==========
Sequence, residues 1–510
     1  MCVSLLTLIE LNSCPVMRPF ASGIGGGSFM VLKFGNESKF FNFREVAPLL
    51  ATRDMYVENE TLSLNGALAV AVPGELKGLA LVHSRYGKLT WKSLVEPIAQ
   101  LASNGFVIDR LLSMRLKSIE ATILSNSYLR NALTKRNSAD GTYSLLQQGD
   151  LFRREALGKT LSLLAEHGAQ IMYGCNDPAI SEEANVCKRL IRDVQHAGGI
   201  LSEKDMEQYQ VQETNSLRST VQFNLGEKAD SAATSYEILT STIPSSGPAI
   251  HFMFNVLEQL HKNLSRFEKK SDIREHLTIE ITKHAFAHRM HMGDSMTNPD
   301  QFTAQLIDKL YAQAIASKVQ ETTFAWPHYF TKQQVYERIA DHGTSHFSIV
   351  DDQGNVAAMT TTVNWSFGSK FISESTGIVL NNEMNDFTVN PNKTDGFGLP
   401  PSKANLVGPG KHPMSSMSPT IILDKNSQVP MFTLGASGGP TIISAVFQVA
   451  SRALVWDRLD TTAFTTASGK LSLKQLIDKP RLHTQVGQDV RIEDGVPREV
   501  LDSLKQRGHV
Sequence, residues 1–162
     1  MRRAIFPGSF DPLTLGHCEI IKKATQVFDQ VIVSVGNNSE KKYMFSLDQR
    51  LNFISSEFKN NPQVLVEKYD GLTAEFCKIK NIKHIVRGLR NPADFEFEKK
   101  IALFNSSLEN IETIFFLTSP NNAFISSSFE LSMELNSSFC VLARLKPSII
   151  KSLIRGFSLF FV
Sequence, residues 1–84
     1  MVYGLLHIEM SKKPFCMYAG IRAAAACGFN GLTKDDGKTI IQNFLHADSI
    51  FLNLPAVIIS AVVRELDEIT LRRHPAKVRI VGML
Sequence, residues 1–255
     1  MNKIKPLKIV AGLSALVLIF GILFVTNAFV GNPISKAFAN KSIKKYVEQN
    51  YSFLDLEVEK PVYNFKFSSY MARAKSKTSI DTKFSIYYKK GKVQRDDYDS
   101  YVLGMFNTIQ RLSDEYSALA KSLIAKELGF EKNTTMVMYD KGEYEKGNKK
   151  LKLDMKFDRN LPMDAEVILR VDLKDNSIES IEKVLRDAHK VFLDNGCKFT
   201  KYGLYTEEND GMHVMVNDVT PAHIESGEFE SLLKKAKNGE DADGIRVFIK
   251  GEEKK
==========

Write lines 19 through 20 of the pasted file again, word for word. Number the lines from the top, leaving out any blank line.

     1  MVYGLLHIEM SKKPFCMYAG IRAAAACGFN GLTKDDGKTI IQNFLHADSI
    51  FLNLPAVIIS AVVRELDEIT LRRHPAKVRI VGML